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Vampire Alex. (Halloween, 2006)
There was something about that spot of red that bothered her. The test results would be back today.
She remembered the blood on his pillow when he had lost one of his baby teeth. The tooth had been loose for a while, but the rough housing with his dad had knocked it out prematurely. He had been anxious to put it under his pillow, and as she held the cotton ball in his mouth in the bathroom before he went to bed, he said it didn't hurt.
C'mon, Ma, he had said on the cool tile of the bathroom in the new house in the city. He was never in a hurry to go to bed. This time, though, he knew the truth, the reality of the situation. That the faster he fell asleep, the quicker his still bloody tooth would be exchanged for his gift.
That was a year or two ago. Baby teeth were way behind them now. But that just made that single splotch of crimson all the more unsettling.
You'd think he would have woken up screaming in the middle of the dark, waking her with a jolt. Night terrors are something most children experience once or twice. But no, his bedroom that night had been quiet as a crypt.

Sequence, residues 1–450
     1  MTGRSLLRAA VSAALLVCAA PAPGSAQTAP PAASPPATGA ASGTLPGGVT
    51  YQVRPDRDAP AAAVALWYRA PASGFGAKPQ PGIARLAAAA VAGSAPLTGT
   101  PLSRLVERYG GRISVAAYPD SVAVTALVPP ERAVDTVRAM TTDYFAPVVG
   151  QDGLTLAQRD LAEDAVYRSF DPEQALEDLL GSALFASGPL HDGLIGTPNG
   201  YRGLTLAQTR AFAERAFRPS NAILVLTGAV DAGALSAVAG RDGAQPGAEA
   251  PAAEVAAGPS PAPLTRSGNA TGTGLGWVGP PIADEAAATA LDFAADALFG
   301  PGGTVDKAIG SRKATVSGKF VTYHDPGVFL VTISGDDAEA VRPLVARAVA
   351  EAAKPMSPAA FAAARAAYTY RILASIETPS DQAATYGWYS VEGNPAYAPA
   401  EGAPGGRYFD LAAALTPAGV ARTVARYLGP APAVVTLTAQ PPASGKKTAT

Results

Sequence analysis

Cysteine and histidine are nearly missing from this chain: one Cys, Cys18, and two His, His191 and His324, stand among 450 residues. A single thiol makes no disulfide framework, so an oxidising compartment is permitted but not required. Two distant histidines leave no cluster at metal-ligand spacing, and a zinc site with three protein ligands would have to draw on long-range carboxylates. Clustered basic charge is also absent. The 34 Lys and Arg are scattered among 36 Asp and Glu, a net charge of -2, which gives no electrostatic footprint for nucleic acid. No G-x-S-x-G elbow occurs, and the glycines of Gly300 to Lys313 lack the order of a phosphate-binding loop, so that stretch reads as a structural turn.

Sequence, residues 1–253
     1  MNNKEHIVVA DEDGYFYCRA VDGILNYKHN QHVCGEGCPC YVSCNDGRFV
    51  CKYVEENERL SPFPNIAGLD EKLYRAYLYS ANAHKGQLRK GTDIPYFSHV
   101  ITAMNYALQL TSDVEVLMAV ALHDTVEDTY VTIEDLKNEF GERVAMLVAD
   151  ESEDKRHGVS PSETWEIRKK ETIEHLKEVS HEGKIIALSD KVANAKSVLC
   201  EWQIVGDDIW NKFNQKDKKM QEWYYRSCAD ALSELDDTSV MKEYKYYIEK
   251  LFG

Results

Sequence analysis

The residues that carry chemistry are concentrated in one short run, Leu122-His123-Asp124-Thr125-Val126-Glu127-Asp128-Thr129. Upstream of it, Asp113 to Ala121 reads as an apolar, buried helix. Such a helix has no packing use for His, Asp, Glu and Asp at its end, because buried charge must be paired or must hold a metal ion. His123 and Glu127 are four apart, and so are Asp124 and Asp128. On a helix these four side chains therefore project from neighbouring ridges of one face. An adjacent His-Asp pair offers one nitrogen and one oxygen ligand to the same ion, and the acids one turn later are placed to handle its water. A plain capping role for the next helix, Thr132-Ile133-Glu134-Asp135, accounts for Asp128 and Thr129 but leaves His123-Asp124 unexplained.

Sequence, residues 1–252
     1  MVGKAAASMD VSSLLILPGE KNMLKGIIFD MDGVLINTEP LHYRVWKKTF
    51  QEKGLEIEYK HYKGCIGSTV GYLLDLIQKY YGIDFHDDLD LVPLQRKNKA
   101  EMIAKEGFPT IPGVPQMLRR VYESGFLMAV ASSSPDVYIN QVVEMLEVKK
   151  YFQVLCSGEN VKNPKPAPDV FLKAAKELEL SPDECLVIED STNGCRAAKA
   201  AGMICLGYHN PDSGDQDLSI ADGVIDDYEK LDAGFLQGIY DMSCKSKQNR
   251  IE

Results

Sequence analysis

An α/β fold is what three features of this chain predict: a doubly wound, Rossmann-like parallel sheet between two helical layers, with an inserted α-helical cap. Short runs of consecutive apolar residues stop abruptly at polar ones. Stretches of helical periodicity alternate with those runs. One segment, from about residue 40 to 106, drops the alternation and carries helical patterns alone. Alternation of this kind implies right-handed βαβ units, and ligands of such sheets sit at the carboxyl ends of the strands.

The morning started like any other. Brushing teeth. Getting breakfast ready. It was in the kitchen where it all began.
I'm not hungry, Ma, he said.
What? she asked.
I'm not hungry, he repeated. And he went to go watch a few minutes of TV before it was time to leave.
She watched him wander into the living room. Always the good mother, she wrapped up his breakfast so he could have it in the car when he realized he hadn't eaten anything yet, but he had other plans for her once they were on the way to school.
They were at a stoplight when she heard the slight intake of breath, the precursor to a question he didn't know how to ask.
Do people ever die in dreams, Ma? he asked.
She wasn't exactly sure where this was going, but she held to her motherly committment of truth at all costs.
Sometimes they do, Monkey, but dreams are different from reality, she explained.
He looked at her with a slight frown. He was getting too old to be called Monkey.
That intake of breath again into his little mouth.
So if someone dies in a dream, they don't die for real, do they, Ma? he asked.
Of course not, she said. Did something bad happen to you in your dreams last night, Monkey?
That little frown again and then a long pause. The light turned green and they continued down the street. After another minute of silence, he whispered, "Not to me."
Years from now, long since she'll have burned the evidence but not had the courage to run the test again, she'll tell anyone who will listen to her that she had heard him, but she hadn't really heard him. That half-listening that all mothers perfect in time.